Monday, July 25, 2011

Mental Growth Is Possible To Every Person

Dr. Leonard Peikoff on The Fountainhead, happiness, and rationality.

A man does not qualify as rational if he walks around in a daze but once in a while, when someone mentions a fact, he wakes up long enough to say "I'll accept that," then relapses again.

Rationality requires the systematic use of one's intelligence.

Ayn Rand's novels abound in instructive examples of this aspect of virtue. Consider, for instance, Howard Roark's encounter with the Dean at the beginning of The Fountainhead. The Dean tells him that men must always revere tradition. Roark regards this viewpoint as senseless, but he does not ignore it. Roark is not a psychologist, nor does the field interest him much; but he does deal with men, he knows that there are many like the Dean, and he is on the premise of understanding what he deals with. So he identifies the meaning of the event in the terms available to him. There is something here opposite to the way I function, he thinks, some form of behavior I do not grasp—" the principle behind the Dean," he calls it—and he files this observation in his subconscious with the implicit order to himself: be on the lookout for any data relevant to this problem. Thereafter, when such information becomes available (new examples or aspects in new contexts), he recognizes and integrates it. In the end, by a process whose steps the reader has seen, Roark reaches the concept of the "second-hander"—and of the opposite kind of man, whom he represents. At that point, he grasps what the issue is on which his own fate and that of the world depend.

Whatever the heroes in Ayn Rand's novels deal with, including work, romance, art, people, politics, and philosophy, they seek to understand it, by connecting the new to what they already know and by discovering what they do not yet know. They are men and women who like and practice the process of cognition. This is why they are usually efficacious and happy individuals, who achieve their values. Their commitment to thought leads them to a sustained growth in knowledge, which maximizes the possibility of successful action.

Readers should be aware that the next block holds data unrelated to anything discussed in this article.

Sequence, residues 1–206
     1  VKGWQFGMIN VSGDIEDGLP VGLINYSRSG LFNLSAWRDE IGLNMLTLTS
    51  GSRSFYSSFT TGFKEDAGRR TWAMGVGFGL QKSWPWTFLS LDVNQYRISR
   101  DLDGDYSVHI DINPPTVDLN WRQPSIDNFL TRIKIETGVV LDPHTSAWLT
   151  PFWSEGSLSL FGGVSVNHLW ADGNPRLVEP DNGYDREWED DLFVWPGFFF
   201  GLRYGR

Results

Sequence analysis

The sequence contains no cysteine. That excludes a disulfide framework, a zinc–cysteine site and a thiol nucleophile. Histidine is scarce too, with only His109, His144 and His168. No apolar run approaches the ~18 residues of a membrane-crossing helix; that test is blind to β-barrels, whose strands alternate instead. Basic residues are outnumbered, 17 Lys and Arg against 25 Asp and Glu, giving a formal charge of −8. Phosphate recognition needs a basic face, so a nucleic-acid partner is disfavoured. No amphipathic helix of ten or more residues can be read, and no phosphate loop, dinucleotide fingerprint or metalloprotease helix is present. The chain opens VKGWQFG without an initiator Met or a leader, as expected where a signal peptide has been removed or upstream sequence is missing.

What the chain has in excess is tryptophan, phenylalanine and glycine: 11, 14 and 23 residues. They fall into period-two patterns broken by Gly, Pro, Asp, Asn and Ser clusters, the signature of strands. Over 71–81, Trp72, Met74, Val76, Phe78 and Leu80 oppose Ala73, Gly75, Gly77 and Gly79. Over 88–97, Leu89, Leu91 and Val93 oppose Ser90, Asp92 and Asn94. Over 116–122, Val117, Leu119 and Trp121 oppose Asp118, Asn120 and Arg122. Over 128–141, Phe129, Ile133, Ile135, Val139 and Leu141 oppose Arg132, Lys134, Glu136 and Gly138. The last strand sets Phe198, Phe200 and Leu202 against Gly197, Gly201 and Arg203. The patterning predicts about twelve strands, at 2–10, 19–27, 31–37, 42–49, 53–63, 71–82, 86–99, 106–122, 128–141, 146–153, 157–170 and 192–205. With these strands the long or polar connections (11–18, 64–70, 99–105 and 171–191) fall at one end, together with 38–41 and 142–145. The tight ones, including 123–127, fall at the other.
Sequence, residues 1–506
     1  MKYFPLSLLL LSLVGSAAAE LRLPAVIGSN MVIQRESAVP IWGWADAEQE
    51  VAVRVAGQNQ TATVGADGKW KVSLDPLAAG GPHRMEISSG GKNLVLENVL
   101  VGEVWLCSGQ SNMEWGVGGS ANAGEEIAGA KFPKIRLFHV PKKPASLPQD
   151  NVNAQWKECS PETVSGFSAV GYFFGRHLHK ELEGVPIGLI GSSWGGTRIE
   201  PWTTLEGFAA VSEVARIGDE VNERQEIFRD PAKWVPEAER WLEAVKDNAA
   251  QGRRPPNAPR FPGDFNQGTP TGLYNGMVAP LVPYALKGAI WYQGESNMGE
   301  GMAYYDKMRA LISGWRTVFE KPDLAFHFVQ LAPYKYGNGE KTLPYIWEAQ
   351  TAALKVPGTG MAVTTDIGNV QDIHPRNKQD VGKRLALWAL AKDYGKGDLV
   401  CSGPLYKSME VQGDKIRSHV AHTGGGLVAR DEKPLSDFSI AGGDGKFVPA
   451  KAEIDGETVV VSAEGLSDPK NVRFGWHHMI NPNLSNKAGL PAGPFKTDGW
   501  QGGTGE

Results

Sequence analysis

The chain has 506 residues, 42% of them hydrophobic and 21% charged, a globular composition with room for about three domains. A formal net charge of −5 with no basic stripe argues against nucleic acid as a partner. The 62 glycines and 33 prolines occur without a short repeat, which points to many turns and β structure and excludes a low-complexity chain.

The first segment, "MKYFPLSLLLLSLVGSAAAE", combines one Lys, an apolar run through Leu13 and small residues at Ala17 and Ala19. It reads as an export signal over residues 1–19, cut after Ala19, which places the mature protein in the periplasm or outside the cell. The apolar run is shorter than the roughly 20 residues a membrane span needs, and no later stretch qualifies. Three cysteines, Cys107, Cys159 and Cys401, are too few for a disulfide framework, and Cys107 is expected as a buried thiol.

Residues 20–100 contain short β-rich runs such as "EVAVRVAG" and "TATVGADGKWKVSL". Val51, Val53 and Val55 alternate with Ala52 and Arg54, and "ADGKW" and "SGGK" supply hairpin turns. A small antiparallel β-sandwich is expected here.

In citing the Roark example, I do not mean to suggest that rationality has to involve the discovery of new ideas. The exercise of reason applies within the sphere of each man's knowledge, concerns, and ability. The point is not that one must become a genius or even an intellectual. Contrary to a widespread fallacy, reason is a faculty of human beings, not of "supermen." The moral point here is always to grow mentally, to increase one's knowledge and expand the power of one's consciousness to the extent one can, whatever one's profession or the degree of one's intelligence. Mental growth is possible on some scale to every person with an intact brain.

"Objectivism: The Philosophy of Ayn Rand", Dr. Leonard Peikoff, p. 222-223.

Monday, July 18, 2011

Beauty, Emotions, Romance: Dagny Taggart As A Teen

Dagny Taggart as a teen:

Mrs. Taggart watched her daughter in unhappy bewilderment. She could have forgiven all the omissions, but one: Dagny showed no sign of interest in men, no romantic inclination whatever. Mrs. Taggart did not approve of extremes; she had been prepared to contend with an extreme of the opposite kind, if necessary; she found herself thinking that this was worse. She felt embarrassed when she had to admit that her daughter, at seventeen, did not have a single admirer.

"Dagny and Francisco d'Anconia?" she said, smiling ruefully, in answer to the curiosity of her friends. "Oh no, it's not a romance. It's an international industrial cartel of some kind. That's all they seem to care about."